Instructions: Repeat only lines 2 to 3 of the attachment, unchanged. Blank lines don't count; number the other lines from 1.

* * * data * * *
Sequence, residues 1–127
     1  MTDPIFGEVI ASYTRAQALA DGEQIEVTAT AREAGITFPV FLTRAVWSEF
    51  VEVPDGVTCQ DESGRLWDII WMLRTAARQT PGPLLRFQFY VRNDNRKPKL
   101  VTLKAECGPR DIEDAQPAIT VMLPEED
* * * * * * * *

     1  MTDPIFGEVI ASYTRAQALA DGEQIEVTAT AREAGITFPV FLTRAVWSEF
    51  VEVPDGVTCQ DESGRLWDII WMLRTAARQT PGPLLRFQFY VRNDNRKPKL